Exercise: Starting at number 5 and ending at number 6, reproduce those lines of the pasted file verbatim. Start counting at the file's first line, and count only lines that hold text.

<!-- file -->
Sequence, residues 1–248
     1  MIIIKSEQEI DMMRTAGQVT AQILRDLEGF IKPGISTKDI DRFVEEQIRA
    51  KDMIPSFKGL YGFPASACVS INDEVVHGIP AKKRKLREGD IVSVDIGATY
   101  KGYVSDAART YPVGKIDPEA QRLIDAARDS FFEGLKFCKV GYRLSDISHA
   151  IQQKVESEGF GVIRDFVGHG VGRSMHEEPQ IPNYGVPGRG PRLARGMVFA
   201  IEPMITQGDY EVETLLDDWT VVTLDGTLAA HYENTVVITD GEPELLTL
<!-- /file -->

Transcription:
   151  IQQKVESEGF GVIRDFVGHG VGRSMHEEPQ IPNYGVPGRG PRLARGMVFA
   201  IEPMITQGDY EVETLLDDWT VVTLDGTLAA HYENTVVITD GEPELLTL